Anyway, what this means is that if you’re indeed outside of your thoughts in this way, then it can be helpful to let your conversational partner know that by using clear language. Otherwise it may be safer (for both of you) if they assume that you are indeed identifying with your own thoughts. Depending on the relationship that’s there, the goals of that relationship, and the content of the particular thoughts/emotions being discussed, this could suggest various courses of action. (I have a lot to say about this, so it’ll go in a future post. Feel free to bug me about making that post if it’s been more than a month and this text is still here.) But regardless, it’s helpful to have more information of where someone is on a spectrum of dis-identification.

(For more on this, check out When You Can’t Find the Edge of the Frame, particularly the quoted anecdote.)

A spectrum of dis-identification with emotions

Right, the aforementioned spectrum. This was also something I shared with Mitch at the time. (It possibly worked better out loud, because I could imitate the tone rather than just describing it.)

So there are really a lot of different things Mitch could have said to Lia. If he was just utterly consumed by his feeling of hurtness, he might have gone up to her and articulated his feelings by saying:

“AUUGGHHHHNNN”

…we can all agree this would be challenging to hear, to make sense of, and to relate to productively. If you were slightly more aware of what was happening inside you, you might have said something like

“I’m hurt!” or “you hurt me!”

with a vaguely panicky tone and body language that suggested that the hurt was all there was for you at that moment. The chief difference is that here you had the ability to name the feeling. Moving along, we get

“I feel really hurt”

but in this case spoken with a tone more like “I need to get my needs met and right now they’re not met because I’m hurt.” It potentially has a kind of fix-me quality to it. This is the one Mitch was considering. Slightly past that is

“I notice I feel really hurt”

which has the additional dis-identification added by “I notice” but which still contains “I feel” which is evidence of there still being some identification with the feeling itself. Further still would be

“I’m noticing a lot of hurt feelings coming up”

Now you’re just the noticer, and the feelings are a think that you have, rather than a thing that you are. Going this far gets most of the benefit, I think, but I’ve totally said things like:

“I’m in a space right now where I’m noticing experiences of feeling hurt coming up in response to my fear-channel’s interpretation of what happened.”

…but this is probably excessive for most contexts. And I wouldn’t endorse trying to speak like this on purpose. It’s just the kind of thing that happens if you do a lot of culture-hacking and language-hacking like this. I would advise aiming for the penultimate one: “I’m noticing a lot of hurt feelings coming up.”

(For a totally different take on spectra related to subjectivity of experience, read about Subject-Object Notation.)

Caveat lector

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This post has mostly talked about how to share your own experiences in ways that are easier to hear. This is a fundamental capacity for Reveal-based cultures. (I’m using capacity here to mean something like “a skill that you may have more or less of at a given time depending on various factors”) But listening is also a capacity.

This means:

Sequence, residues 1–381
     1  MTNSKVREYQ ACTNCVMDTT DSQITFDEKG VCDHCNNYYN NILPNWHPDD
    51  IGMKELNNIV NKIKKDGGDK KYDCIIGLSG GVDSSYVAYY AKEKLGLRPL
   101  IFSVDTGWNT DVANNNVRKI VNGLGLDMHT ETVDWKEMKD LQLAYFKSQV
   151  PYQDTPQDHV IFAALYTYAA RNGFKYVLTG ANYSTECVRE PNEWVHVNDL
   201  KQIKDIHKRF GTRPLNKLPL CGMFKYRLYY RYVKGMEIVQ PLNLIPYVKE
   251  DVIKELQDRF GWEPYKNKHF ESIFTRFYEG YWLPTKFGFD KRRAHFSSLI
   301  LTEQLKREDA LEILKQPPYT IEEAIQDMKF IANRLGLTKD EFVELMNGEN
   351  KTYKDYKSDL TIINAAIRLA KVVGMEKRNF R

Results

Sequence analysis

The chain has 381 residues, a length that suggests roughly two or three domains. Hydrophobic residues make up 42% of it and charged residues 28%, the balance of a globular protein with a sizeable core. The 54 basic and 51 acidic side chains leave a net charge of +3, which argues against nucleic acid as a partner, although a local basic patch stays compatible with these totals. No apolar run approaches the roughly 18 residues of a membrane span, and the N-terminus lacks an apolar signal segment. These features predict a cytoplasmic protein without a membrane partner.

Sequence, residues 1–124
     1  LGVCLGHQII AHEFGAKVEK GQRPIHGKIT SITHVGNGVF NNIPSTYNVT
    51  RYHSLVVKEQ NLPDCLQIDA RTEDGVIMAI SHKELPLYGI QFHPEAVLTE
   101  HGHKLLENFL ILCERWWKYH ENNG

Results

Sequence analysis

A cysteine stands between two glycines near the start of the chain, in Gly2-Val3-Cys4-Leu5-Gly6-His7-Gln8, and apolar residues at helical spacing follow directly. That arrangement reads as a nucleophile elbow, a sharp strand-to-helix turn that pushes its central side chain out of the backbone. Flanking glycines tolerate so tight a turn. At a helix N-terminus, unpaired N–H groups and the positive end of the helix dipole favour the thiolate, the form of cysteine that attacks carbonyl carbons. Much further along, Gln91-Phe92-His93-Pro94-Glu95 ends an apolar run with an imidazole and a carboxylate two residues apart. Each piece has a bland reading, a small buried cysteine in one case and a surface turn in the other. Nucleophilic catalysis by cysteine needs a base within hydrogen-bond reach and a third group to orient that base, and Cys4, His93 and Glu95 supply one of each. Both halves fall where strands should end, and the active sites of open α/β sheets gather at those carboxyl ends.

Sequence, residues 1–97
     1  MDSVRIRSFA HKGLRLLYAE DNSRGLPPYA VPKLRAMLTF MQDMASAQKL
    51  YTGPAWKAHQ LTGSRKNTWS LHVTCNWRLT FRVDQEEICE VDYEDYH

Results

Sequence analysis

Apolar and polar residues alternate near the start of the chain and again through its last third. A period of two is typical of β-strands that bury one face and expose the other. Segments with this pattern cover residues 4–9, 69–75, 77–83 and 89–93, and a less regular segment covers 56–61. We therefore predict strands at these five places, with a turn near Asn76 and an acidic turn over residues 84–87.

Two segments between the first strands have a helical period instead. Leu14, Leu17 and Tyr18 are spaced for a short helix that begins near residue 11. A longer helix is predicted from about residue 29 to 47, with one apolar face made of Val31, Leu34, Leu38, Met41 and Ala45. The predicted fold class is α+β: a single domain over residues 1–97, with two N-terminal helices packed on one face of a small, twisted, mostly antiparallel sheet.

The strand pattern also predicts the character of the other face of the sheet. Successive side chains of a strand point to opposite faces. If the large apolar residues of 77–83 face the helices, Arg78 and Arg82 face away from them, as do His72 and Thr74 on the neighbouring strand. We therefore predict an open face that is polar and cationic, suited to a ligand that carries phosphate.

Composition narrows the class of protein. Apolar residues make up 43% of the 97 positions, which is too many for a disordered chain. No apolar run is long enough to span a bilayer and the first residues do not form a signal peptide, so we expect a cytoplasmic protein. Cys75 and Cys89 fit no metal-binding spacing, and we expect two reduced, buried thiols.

• Even if you phrase something super dis-identifiedly, the other person might not have the capacity to hear it that way, especially if the situation involves them or if they already feel tired or threatened.
  • You can learn to use your own skill at listening to give others the benefit of the doubt and to break out of roles like angry-one and angerer. That doesn’t mean falsely believing they’re less emotion-identified than they are; it’s more like even though they’re identifying themselves with their emotions, you can hold those as distinct.

Also worth noting:

  • Remember, Mitch thought this language was dumb prior to the conversation we had. Odds are that some people you know will too. So be aware that you might frustrate people by doing this, which won’t be so connective.
  • Don’t make it out as if what I’ve described is “the right way”… i.e. don’t try to force other people to do this! Although it might be cool if you and your partner (romantic or business or project) both read this blog post and had a shared understanding of the value of this kind of language.

Alright, that’s enough from me for now—let me know how this works (or doesn’t) for you!

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About Malcolm

Constantly consciously expanding the boundaries of thoughtspace and actionspace. Creator of Complice, a system for achieving your important goals.

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2 Comments

Glenn Thomas Davis » 14 Aug 2015 » Reply

I found this post EXTREMELY useful, but for reasons that are entirely about my inner voice and my relationship to my own emotions. Just starting to tell myself “hey, I notice some anxiety when I think about X” totally reframed my relationship to my own anxiety, which triggered a whole boatload of other productive stuff. I realize that my typical relationship to anxiety up to now has been sort-of the equivalent of the guy yelling “AUUGGHHHHNNN” internally, at myself.

Richard Crease » 15 Aug 2015 » Reply

It’s true, as you say, that people sometimes don’t like hearing the seeming-artificiality of “I notice I feel angry.” Maybe the speaker who says this is simply standing up for what she believes in, at the risk of sounding offensive to others. Or, It could be that the speaker is lost in a pretentious and convoluted mind-game with herself. We have no way of knowing which it is, or if it is some other type of phenomenon. All we can relatively sure of is that each person gets to do life — and speech — his own way.